Recently in Philosophy Category

Markets in Everything – God Helmet

If you’re interested in a short cut to spiritual experiences, neurobiologist Michael Persinger has devised a wired helmet that he says induces religious experiences in those who wear it.

Another helmet called Shakti – claimed to be better than the above one (price $220)

Shakti and the Koren Helmet - which is more effective?
God on the Brain - questions and answers
The God Experiments
This IsYour Brain on God
God moves in mysterious waves
Visions or Partial-Complex Seizures?
The Significance of Ellen White's Head Injury
Neuroscience - the New Philosophy
Neuroethics (podcast)

Our minds are not what we think

From FT a case of patient with Cotard syndrome;

"She was completely preoccupied with the thought that she was dead," he recalls. "She kept saying that she'd died two weeks before and was worried about whether my office was heaven or not."

The young scientist realised that Liz was suffering from a rare and strange condition known as Cotard syndrome, which for the sake of brevity I'll define as the delusion that one is dead. The condition was named after the French psychiatrist Jules Cotard who wrote about some classic cases in the late 1800s. He called it delire des negations and described a host of other symptoms including feelings of guilt, denial of body parts and even, paradoxically for someone who thinks they are dead, thoughts about suicide….

Roughly 100 cases of Cotard delusion have been reported in the medical literature, which certainly makes it rare, although not as rare as some other strange delusions, such as the single case of a man with "perceptual delusional bicephaly". He believed he had two heads and was admitted to hospital suffering gunshot wounds from where he'd tried to shoot one off….

Eventually he did get through, and posed a series of questions to assess an aspect of her personality known as her attributional style. Broadly speaking, this measures a person's tendency to attribute events in their lives to themselves (internal attribution) or to other people or luck (external).

Podcast of the Day, The Mind-Body Problem Down Under

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Mind. Brain. Are they the same thing, or is the mind something special? The conundrum has perplexed us for centuries. Descartes' split the two - into a spiritual, soul-like mind and fleshly, material brain. But in 1956 a group of 'renegade' Oxford graduates Down Under, now international stars in philosophy, launched a challenge. Consciousness and the brain were united, and any talk of mental spooks and ghosts in the machine was out...almost. Now in their 80s, David Armstrong and Jack Smart join Natasha Mitchell and others to reminisce on taking Descartes to task. Listen to the podcast or see the transcript. (Radio National Australia)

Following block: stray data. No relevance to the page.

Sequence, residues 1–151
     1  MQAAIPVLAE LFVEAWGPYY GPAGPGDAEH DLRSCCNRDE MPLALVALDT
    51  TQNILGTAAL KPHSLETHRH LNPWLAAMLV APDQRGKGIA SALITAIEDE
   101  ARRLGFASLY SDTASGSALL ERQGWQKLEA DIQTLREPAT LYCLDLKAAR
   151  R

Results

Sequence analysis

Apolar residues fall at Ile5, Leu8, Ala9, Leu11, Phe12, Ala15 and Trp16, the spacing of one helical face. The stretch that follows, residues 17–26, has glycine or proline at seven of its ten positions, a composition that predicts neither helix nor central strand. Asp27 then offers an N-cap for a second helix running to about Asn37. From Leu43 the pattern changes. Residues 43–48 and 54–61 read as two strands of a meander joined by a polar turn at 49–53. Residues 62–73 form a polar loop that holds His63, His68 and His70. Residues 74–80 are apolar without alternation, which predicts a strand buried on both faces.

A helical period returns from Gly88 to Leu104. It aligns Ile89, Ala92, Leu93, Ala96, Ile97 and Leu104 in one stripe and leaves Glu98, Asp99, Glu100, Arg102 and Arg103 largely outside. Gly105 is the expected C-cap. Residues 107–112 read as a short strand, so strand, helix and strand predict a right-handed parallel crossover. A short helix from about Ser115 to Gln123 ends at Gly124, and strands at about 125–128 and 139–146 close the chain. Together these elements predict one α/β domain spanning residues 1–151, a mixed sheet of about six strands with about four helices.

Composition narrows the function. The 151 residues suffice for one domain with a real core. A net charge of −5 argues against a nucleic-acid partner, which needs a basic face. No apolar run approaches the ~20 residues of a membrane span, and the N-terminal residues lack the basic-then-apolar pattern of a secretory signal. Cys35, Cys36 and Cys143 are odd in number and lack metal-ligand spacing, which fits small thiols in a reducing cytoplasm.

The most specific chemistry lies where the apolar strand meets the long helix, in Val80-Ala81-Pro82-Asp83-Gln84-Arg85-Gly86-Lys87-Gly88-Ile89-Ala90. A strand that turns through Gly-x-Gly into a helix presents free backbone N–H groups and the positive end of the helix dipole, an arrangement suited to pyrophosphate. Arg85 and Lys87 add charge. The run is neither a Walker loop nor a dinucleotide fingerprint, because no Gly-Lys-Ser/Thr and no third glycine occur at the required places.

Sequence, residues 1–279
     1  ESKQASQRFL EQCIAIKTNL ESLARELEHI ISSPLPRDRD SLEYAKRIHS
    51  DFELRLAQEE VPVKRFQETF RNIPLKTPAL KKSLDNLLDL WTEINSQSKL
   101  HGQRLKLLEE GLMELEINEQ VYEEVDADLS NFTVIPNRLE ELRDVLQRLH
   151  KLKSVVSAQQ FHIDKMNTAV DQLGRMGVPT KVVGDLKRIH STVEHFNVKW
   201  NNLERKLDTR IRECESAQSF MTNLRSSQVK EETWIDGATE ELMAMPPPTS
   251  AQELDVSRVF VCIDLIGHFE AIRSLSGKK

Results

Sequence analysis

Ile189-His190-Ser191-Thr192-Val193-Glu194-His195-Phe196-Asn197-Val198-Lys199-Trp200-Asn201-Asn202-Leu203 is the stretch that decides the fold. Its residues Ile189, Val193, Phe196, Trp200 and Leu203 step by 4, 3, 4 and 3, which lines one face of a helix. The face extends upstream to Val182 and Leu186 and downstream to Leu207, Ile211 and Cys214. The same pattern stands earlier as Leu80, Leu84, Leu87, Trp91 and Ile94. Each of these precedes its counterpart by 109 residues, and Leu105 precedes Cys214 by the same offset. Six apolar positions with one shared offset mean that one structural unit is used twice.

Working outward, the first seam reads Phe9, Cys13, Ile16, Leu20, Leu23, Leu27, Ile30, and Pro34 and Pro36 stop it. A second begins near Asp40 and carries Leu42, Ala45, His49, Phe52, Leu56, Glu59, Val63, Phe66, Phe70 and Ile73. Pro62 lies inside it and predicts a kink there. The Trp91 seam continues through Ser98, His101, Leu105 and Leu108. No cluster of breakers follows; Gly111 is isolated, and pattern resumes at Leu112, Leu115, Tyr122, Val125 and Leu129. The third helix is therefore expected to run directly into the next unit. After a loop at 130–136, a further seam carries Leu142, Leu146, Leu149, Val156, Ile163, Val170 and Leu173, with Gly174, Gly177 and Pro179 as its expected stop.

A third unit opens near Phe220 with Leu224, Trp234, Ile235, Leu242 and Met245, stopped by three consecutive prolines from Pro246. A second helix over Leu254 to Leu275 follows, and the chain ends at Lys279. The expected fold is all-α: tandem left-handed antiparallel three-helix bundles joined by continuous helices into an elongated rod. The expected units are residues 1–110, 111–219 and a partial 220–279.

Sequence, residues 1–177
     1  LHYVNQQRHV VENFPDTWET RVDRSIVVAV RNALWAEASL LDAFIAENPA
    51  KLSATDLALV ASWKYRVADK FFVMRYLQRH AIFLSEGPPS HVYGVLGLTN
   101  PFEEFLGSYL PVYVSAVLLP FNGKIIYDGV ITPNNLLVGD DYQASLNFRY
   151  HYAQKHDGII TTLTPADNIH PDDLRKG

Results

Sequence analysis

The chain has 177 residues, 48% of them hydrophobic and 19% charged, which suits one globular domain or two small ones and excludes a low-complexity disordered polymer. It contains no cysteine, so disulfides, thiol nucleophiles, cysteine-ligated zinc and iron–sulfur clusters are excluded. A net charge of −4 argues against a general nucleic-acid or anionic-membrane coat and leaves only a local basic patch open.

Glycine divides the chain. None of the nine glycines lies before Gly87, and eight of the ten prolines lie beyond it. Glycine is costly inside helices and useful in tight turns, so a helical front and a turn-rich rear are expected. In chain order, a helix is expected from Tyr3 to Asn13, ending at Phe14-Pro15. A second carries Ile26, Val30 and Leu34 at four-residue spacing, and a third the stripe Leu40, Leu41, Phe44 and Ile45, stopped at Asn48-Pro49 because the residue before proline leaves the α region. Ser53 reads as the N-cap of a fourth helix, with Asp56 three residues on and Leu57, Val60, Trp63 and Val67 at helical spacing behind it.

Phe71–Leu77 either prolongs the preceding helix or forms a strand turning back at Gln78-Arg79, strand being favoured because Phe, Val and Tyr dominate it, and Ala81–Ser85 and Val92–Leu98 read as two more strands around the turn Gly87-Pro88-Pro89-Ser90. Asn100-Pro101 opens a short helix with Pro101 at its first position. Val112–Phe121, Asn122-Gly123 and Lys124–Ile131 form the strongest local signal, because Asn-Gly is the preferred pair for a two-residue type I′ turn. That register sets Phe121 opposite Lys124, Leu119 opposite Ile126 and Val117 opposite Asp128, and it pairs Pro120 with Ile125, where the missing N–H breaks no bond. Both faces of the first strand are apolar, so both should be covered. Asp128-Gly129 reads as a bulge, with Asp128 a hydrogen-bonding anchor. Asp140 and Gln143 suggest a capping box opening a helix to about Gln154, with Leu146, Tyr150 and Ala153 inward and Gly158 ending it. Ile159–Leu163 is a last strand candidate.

Dennett changes his mind
Fact-checking ``The Female Brain."

“Unfortunately, this is just one of several cases in recent books on sex and neuroscience where striking numbers turn out to be without apparent empirical support. On page 36 of ``The Female Brain," Brizendine writes that ``Girls speak faster on average-250 words per minute versus 125 for typical males." In support of this assertion, her endnotes cite Bruce P. Ryan, ``Speaking rate, conversational speech acts, interruption, and linguistic complexity of 20 pre-school stuttering and non-stuttering children and their mothers," Clinical Linguistics & Phonetics, 14(1), pp. 25-51 (2000). Alas, in Ryan's paper, you won't find the 250 vs. 125 numbers, and in fact, he gives no data at all that breaks down speaking rates by sex.”

Phantoms in the Brain

An interesting study- Brain electrodes conjure up ghostly visions;

“Simple stimulation of the brain can cause the mind to play complex and creepy tricks on itself, neurologists have discovered. They found that, by inserting electrodes into a specific part of the brain, they could induce a patient to sense that an illusory 'shadow person' was lurking behind her and mimicking her movements.

Doctors treating the patient, a 22-year-old woman with epilepsy, found that when they stimulated a brain region called the left temporoparietal junction, the patient sensed the presence of a sinister figure behind her who copied her actions. They suspect that the effect is due to the mind projecting its own movements onto a phantom figure conjured up by the brain, an effect that is seen in some patients with serious psychiatric conditions….”

Via Mind Hacks

Mind Games; What neuroeconomics tells us about money and the brain.

In the Family - A Journey through Madness
The Dancing Mind
Death; An exploration of the cultural construction of death: the way it's changed in English-based society from rich Victorian ceremony to the simple ritual of today; the difference in response from culture to culture, i.e. Mexico, Ireland and Australia.
The dream debate
Chris Turney on Time, author of Bones, Rocks and Stars: The Science of When Things Happened


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